Mobile apps data influence car insurance rates

"Apps Data Influence"

Car insurance companies are now heavily relying on data gathered from customers’ mobile applications to set insurance rates. This approach, which revolves around tracking driving behaviors, moves away from traditional premium-setting methods predominantly based on demographic information. This modern strategy results in better-tailored policies and promotes safer driving.

The use of data-gathering apps, including Life360, MyRadar, and Gas Buddy, has surged. These apps provide valuable data to Arity, a company affiliated with Allstate. From location sharing and real-time weather updates to finding affordable gas prices, these apps collect various essential data about a user’s driving habits.

Arity employs this data to gauge risk and allocate ‘driving scores.’ These scores, divided into ten risk categories, reflect individual driving behaviors. Risky behaviors result in higher scores and consequently higher insurance premiums.

Utilizing mobile app data for car insurance

This approach encourages safer driving habits and potentially lower premium rates.

However, this data collection process has raised privacy issues. Critics argue that users often unknowingly consent to data sharing and are unaware of how their data is being used. The use of ambiguous language in privacy agreements has drawn criticism as well.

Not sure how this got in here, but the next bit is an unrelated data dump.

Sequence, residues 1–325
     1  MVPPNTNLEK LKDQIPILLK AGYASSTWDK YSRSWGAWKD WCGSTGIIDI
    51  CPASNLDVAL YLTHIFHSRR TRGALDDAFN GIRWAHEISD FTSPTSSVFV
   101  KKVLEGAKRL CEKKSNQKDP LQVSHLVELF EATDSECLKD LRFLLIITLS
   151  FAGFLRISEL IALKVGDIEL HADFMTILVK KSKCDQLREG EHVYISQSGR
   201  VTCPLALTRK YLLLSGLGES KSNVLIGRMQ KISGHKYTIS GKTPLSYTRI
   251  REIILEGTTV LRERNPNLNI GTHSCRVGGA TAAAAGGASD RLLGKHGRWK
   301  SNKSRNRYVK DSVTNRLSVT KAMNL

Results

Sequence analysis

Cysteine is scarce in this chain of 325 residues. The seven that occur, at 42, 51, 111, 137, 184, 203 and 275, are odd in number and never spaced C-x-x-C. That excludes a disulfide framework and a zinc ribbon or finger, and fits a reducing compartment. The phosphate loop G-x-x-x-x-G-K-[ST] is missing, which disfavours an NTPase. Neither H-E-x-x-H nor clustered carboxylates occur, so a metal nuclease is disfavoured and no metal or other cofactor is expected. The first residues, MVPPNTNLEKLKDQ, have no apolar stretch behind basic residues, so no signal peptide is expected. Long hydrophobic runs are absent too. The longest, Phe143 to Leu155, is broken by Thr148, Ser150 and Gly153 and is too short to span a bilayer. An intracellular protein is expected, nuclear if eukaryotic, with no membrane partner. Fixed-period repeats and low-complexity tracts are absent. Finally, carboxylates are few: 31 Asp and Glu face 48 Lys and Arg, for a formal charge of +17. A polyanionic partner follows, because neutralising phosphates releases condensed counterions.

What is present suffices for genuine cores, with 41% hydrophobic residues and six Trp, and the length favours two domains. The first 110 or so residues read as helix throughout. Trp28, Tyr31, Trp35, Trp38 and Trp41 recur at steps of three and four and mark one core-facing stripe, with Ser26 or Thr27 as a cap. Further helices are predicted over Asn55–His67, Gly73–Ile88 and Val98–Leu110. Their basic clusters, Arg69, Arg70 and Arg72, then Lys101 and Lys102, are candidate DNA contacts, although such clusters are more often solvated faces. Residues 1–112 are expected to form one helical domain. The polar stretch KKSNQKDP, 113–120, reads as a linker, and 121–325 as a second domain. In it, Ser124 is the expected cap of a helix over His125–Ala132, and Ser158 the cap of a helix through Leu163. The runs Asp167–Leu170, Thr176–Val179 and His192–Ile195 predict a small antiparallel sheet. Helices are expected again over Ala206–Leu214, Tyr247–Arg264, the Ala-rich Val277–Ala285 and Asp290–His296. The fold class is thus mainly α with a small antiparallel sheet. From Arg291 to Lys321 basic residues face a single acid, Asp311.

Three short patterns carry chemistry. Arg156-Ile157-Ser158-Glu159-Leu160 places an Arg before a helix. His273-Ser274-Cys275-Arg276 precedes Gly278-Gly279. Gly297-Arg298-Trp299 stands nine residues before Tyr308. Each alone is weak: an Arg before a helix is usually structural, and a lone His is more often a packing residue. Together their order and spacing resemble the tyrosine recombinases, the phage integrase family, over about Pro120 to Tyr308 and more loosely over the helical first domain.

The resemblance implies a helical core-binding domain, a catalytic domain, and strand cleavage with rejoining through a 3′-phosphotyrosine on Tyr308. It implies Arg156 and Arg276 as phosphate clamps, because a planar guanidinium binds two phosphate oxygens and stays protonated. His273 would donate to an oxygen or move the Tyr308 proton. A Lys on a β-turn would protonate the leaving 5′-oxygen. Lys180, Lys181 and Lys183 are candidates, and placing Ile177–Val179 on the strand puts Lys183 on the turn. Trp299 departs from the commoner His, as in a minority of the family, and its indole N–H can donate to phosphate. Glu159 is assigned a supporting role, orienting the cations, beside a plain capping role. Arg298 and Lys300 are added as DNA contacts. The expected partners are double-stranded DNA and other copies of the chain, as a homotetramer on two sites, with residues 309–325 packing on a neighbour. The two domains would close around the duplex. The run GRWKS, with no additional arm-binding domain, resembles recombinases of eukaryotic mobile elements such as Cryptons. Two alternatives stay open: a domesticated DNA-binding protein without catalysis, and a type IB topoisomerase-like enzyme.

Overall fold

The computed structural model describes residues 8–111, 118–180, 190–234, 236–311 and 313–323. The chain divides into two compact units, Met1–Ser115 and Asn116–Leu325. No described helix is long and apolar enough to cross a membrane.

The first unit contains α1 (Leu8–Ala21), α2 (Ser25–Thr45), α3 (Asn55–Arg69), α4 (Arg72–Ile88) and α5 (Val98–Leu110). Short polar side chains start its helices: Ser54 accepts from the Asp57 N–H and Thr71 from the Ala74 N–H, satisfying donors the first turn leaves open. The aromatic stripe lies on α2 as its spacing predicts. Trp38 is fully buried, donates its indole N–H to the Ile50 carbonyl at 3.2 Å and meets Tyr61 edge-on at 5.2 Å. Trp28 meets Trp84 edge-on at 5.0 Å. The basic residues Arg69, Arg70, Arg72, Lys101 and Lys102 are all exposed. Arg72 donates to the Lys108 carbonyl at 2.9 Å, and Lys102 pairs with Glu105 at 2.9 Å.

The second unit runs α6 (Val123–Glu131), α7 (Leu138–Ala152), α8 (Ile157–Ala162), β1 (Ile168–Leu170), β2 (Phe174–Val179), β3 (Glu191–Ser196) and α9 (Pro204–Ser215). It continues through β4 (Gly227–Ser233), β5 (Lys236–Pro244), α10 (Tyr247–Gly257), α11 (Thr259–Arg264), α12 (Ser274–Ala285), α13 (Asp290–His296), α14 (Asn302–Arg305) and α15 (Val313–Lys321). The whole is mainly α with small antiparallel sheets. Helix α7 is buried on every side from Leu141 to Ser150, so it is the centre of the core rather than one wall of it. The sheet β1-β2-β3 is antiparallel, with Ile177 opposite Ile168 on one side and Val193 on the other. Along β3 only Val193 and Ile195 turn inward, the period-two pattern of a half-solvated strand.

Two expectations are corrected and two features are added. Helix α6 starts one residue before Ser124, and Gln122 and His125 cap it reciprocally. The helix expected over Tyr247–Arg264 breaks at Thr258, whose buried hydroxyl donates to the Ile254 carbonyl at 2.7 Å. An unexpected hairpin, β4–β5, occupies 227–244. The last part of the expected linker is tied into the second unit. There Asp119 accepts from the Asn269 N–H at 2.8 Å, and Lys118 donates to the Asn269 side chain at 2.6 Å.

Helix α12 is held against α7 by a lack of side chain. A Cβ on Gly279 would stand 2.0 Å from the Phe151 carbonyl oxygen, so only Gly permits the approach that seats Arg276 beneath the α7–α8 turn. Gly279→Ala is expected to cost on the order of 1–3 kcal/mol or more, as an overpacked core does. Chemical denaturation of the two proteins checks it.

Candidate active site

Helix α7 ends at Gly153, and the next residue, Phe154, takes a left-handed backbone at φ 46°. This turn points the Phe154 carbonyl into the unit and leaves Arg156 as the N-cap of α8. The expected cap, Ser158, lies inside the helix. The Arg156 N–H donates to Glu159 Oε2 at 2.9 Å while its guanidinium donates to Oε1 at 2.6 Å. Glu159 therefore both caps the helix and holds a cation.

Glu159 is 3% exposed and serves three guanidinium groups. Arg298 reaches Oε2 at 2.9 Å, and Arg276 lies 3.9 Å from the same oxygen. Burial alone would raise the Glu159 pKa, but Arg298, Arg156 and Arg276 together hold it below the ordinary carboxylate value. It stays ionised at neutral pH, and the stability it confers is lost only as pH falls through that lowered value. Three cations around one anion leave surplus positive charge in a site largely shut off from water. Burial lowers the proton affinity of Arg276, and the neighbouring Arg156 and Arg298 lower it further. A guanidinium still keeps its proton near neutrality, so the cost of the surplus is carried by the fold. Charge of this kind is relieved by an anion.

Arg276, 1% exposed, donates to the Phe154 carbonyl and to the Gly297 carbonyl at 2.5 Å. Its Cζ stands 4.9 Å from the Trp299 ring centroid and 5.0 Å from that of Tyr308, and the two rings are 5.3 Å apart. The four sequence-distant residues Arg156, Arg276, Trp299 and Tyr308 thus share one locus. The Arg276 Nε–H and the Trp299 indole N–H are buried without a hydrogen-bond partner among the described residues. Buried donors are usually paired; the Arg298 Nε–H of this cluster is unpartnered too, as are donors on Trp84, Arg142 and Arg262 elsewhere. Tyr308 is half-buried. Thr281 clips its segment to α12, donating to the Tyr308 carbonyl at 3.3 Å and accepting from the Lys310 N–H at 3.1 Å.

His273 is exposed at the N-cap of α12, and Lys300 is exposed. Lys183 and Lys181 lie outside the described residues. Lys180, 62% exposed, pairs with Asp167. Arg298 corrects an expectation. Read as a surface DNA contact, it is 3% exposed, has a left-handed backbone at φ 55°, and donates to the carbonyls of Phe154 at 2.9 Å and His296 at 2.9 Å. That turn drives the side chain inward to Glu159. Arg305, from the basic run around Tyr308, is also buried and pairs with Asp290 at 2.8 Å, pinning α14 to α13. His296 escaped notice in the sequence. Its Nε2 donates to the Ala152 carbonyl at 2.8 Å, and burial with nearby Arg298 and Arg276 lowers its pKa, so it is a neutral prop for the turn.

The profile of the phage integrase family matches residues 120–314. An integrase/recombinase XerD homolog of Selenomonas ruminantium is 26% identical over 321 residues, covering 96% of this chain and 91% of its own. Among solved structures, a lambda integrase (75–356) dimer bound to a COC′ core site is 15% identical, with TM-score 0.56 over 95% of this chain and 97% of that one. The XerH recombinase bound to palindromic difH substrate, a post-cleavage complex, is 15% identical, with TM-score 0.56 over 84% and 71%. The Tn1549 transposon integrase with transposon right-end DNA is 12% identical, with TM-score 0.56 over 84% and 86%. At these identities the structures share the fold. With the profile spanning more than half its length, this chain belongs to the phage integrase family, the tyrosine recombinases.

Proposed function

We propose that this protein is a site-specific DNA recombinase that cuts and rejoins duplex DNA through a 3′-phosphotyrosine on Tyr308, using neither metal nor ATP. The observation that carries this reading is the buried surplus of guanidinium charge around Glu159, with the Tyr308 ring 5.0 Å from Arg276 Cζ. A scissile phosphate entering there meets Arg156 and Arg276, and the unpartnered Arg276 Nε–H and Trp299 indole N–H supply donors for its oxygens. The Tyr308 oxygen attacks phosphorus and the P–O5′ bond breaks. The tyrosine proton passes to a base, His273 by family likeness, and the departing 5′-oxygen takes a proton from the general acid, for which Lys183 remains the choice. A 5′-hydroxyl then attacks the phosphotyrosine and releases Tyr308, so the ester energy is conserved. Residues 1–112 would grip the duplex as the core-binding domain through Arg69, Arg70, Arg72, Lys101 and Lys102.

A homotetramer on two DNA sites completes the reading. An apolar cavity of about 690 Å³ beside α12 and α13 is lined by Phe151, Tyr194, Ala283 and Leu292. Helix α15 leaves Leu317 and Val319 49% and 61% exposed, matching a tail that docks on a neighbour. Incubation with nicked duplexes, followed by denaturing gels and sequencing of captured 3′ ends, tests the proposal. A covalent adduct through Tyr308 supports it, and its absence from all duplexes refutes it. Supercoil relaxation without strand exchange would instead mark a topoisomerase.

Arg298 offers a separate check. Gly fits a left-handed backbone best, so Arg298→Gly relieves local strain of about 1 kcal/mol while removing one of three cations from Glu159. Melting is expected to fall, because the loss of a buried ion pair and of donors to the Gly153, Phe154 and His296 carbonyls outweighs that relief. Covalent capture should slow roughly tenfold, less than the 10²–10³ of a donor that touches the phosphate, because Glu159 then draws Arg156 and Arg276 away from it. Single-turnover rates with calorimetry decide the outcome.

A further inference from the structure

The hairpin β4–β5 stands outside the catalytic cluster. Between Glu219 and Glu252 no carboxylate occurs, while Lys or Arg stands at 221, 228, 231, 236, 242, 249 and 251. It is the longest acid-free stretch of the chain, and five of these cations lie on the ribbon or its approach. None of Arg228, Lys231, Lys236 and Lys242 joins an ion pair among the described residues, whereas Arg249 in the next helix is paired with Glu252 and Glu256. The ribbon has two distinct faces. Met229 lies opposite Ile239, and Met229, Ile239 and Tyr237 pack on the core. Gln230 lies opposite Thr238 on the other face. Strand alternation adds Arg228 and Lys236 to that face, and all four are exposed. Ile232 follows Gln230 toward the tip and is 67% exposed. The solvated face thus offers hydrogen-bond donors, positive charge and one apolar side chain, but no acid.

Arity boasts of having over 40 million drivers in the U.S., contributing data continuously via mobile apps and connected cars. This massive data helps the company offer insights crucial to several sectors, including insurance and shared mobility. By analyzing real-time and past driving data, Arity helps businesses make informed decisions, improve road safety, and provide a more personalized customer experience.

Despite these advancements, there’s a growing concern about the lack of legislation protecting consumer privacy in the US, particularly following Mars’s revelations that car manufacturers were sharing customer data with insurance firms. This situation calls for a more transparent and protective approach to handling users’ data.